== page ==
Context-Aware Framework for ERP

Context-Aware Framework for ERP

Farhad Daneshgar (University of New South Wales, Australia)
DOI: 10.4018/978-1-60566-026-4.ch124
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Like many existing ERP models (e.g., Podolsky, 1998; Van Stijn & Wensley, 2001), the OOAB framework is also based on a widely accepted assumption that a corporate-wide information system consists of a set of potentially related subsystems; and as a result, information flows among these subsystems must be identified, and required resources planned, using an appropriate ERP methodology. However, up until now there existed no formalised framework that facilitates sharing of contextual knowledge in ERP processes. A unique attribute of the OOAB framework is that it treats ERP processes as a collaborative processes where various roles/actors collaboratively perform tasks in order to achieve a common overall goal. An object-oriented framework is presented in this article that facilitates sharing the contextual knowledge/resources that exist within ERP processes. Context is represented by a set of relevant collaborative semantic concepts or “objects”. These are the objects that are localised/contextualised to specific sub-process within the ERP process.
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From a purely object orientation perspective, a collaboration is defined as “the structure of instances playing roles in a behavior and their relationships” (OMG, 2001). The behaviour mentioned in this definition refers to an operation, or a use case, or any other behavioural classifier. This article provides an overview of a framework for analysing awareness requirements of the actors in ERP systems using an object-oriented awareness-based approach. A similar study was also conducted for developing a new version of this framework that takes into consideration the specific characteristics of virtual communities (Daneshgar, 2003). The proposed approach specialises the notion of collaboration and extends it to the ERP processes. This has roots in the activity network theory (Kaptilini et al., 1995) and is based on the fact that all ERP processes involve multiple roles performing various tasks using appropriate artefacts (e.g., departmental sub-systems, databases, etc.) in order to achieve both their local as well as the overall organization-wide goals. Conceptually speaking, this will justify a frame-based object-oriented approach to analysis and design for ERP processes (Turban & Aaron, 2001). The conceptual model of the proposed framework is made of the following components:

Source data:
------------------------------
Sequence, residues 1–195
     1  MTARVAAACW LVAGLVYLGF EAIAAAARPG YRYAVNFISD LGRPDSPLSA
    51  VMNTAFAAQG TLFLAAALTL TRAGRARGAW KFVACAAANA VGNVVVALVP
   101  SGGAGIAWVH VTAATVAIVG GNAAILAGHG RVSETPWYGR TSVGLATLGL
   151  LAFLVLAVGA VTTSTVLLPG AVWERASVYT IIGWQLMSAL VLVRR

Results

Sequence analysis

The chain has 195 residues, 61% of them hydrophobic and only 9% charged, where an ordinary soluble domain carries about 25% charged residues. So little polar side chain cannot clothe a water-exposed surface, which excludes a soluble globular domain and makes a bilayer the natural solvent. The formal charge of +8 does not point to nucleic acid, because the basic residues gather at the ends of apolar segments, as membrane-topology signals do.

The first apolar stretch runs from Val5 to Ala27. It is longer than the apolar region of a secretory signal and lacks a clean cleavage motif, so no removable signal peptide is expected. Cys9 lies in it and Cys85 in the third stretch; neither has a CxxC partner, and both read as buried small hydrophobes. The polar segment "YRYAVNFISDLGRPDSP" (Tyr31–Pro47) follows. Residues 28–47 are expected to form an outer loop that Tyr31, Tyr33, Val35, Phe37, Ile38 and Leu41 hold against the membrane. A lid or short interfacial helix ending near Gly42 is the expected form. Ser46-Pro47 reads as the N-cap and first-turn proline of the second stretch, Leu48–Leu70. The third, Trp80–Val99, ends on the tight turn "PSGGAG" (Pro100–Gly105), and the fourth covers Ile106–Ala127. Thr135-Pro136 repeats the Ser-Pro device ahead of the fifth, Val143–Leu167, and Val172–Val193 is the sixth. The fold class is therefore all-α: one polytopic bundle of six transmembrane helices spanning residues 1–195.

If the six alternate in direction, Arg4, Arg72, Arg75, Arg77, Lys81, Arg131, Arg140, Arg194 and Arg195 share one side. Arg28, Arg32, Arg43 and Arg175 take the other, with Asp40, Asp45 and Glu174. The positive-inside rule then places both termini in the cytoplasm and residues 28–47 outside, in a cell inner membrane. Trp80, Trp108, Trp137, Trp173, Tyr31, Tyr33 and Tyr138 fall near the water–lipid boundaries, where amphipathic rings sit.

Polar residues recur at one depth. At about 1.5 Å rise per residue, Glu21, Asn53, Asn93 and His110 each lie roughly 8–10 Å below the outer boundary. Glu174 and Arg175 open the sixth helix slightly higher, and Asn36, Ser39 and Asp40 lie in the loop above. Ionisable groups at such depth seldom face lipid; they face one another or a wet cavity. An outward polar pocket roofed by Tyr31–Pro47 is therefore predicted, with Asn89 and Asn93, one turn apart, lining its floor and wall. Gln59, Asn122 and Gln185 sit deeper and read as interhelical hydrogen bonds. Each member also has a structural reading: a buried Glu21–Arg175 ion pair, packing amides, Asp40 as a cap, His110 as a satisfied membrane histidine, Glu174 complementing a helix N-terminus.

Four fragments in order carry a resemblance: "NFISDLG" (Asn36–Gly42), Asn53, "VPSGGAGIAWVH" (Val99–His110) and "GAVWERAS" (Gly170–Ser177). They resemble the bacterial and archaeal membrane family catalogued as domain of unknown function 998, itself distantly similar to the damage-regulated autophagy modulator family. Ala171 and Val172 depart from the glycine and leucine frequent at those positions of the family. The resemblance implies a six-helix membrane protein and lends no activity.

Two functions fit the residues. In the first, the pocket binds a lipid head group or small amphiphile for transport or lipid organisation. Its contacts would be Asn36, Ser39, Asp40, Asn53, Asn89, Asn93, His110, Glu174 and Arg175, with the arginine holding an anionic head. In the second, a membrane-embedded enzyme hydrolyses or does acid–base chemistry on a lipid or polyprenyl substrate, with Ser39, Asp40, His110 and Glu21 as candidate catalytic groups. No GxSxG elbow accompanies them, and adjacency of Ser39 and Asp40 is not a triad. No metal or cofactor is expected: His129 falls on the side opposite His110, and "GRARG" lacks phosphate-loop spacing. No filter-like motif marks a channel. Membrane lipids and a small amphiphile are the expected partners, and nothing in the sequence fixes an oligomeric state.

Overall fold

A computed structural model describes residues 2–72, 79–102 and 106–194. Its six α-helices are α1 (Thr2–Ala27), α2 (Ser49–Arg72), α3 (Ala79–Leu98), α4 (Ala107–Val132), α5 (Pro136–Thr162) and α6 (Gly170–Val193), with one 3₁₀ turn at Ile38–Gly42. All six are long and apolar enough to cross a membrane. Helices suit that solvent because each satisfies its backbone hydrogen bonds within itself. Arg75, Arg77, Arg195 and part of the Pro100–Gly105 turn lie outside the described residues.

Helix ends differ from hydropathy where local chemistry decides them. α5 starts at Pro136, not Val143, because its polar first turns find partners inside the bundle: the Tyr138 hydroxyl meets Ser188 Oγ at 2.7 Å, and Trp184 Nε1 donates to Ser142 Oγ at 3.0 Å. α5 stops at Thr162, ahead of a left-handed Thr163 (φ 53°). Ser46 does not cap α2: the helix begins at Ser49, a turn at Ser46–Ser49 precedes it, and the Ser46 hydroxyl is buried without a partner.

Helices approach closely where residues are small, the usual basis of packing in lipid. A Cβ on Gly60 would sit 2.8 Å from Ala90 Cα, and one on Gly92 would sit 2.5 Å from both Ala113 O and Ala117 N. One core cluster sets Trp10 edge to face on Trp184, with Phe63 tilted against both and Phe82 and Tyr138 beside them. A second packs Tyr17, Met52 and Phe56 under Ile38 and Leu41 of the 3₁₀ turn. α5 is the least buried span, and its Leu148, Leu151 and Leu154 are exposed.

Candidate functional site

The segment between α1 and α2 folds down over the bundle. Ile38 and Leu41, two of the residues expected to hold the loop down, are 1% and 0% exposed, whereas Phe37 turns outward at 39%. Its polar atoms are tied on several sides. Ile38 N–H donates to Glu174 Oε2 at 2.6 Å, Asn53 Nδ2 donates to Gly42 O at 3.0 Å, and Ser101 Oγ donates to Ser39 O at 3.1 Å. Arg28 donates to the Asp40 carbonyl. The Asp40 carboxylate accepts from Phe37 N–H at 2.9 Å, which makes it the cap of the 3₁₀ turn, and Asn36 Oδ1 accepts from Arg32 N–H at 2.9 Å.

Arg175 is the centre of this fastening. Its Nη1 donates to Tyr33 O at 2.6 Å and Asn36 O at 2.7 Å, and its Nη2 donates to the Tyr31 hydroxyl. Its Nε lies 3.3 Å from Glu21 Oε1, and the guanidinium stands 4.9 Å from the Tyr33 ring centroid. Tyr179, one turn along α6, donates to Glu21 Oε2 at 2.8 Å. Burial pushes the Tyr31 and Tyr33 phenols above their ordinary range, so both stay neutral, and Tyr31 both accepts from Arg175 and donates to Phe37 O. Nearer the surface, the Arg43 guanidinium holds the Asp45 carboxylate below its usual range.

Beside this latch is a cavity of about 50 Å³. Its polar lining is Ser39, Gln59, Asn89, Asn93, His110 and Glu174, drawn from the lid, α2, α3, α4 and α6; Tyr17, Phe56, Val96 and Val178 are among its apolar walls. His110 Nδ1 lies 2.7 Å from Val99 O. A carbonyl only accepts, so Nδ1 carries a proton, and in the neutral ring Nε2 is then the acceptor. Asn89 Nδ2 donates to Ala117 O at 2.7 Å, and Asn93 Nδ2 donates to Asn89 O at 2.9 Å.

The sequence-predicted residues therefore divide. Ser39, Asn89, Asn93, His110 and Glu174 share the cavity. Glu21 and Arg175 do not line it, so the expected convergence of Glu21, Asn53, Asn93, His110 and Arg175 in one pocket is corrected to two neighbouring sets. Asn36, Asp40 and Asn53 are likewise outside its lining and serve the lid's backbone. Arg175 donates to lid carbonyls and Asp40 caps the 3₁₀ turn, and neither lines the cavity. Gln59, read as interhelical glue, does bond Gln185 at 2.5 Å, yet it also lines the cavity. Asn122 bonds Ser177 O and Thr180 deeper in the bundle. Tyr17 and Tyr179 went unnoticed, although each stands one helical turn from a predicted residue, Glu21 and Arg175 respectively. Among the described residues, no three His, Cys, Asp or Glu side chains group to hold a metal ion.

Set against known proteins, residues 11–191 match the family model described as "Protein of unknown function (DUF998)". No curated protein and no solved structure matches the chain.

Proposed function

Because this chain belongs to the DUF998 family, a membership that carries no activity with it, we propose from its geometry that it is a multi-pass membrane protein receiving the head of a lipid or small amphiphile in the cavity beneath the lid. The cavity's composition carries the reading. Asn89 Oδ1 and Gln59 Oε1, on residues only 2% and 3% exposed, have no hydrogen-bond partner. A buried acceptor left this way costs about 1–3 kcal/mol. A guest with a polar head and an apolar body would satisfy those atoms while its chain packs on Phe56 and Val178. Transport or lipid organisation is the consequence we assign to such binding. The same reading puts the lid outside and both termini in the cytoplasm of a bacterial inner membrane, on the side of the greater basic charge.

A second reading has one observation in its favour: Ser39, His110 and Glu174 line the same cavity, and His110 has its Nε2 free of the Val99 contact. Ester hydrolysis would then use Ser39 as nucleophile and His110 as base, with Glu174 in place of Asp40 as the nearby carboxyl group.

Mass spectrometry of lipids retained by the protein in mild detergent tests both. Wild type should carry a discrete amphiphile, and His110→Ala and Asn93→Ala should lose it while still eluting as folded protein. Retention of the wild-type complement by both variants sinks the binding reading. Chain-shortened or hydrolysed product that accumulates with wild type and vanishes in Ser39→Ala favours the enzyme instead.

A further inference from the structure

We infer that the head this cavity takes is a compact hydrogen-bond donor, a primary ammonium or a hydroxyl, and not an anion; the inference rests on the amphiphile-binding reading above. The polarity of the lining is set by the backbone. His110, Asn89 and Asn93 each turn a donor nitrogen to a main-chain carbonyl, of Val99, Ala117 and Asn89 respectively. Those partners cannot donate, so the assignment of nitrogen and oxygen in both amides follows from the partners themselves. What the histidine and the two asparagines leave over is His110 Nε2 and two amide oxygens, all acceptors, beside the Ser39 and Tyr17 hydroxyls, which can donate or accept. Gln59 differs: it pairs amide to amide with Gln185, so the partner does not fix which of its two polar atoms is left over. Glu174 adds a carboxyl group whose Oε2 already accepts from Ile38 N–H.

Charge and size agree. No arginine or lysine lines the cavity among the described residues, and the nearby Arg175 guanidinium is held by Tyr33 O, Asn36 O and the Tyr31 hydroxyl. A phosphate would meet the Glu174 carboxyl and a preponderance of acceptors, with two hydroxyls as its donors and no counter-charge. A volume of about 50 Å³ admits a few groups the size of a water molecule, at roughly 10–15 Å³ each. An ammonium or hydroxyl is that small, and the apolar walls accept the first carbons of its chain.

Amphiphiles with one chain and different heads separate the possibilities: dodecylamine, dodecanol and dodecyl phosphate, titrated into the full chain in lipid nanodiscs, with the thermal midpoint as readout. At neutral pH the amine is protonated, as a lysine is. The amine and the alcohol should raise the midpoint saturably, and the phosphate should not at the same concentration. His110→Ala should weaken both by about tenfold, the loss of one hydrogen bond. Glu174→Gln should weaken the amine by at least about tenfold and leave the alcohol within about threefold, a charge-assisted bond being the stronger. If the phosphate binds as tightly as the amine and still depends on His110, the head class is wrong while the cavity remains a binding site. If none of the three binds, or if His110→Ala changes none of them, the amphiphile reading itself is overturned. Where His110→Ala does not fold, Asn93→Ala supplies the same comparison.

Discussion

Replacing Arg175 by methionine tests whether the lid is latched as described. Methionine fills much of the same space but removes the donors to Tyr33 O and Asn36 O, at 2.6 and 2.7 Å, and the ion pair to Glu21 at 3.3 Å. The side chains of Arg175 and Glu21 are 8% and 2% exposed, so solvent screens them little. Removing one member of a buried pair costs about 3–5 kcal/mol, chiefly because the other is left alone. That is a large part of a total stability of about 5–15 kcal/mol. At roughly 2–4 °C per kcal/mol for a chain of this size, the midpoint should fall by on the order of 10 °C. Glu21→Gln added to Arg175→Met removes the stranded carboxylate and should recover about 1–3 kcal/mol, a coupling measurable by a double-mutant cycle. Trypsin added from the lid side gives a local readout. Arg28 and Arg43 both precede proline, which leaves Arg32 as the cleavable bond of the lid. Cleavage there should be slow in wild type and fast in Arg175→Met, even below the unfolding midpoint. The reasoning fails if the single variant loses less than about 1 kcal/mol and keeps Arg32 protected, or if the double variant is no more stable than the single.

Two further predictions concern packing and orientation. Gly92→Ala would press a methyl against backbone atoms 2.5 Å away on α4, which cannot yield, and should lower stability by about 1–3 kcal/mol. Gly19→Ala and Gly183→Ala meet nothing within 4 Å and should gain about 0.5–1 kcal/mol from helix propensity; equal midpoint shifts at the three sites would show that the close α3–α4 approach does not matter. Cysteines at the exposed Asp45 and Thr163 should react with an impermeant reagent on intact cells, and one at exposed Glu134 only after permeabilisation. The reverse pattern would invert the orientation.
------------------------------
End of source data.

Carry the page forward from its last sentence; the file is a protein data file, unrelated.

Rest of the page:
• a set of collaborative semantic concepts including roles, the tasks that these roles play within the process, and the artefacts that these roles use to perform various tasks within the process, and

  • relationships among these semantic concepts.

This conceptual model can then be mapped directly to an object model and be used as an analytical tool for identifying awareness requirements of the actors within the ERP process. The fact that ERP is treated as a collaborative process calls for a mechanism for maintaining awareness requirements of the actors involved in this collaboration. Furthermore, due to its object orientation, the framework is capable of encapsulating all complications and dependencies in sub/local processes within individual tasks as well as resources required to perform those tasks, further relieving the ERP management and the associated software.

Key Terms in this Chapter

Awareness: A specialised knowledge about the objects that leads an actor to an understanding of various aspects of the ERP collaborative process. It is defined and measured in terms of the semantic concepts ( task, role, process resource , and collaborative resource ) used in the map.

Role: A set of norms expressed in terms of obligations, privileges, and rights assigned to an actor.

Action: A sequence of goal-directed steps.

Required Level of Awareness: A property of a task. It represents the expected awareness from any actor who performs the task. Its value also ranges from 0 to 4.

Actual Level of Awareness: The awareness that a role actually possesses within the ERP process. Actual awareness is represented by an integer number ranging from zero to four, representing various levels of awareness. Actual awareness is a property of an actor who performs one or more roles within the ERP process.

This work was previously published in Encyclopedia of Information Science and Technology: edited by M. Khosrow-Pour, pp. 569-572, copyright 2005 by Information Science Reference, formerly known as Idea Group Reference (an imprint of IGI Global)

Task: An object with a set of attributes and actions to achieve a specific process goal using certain resource called process resource.

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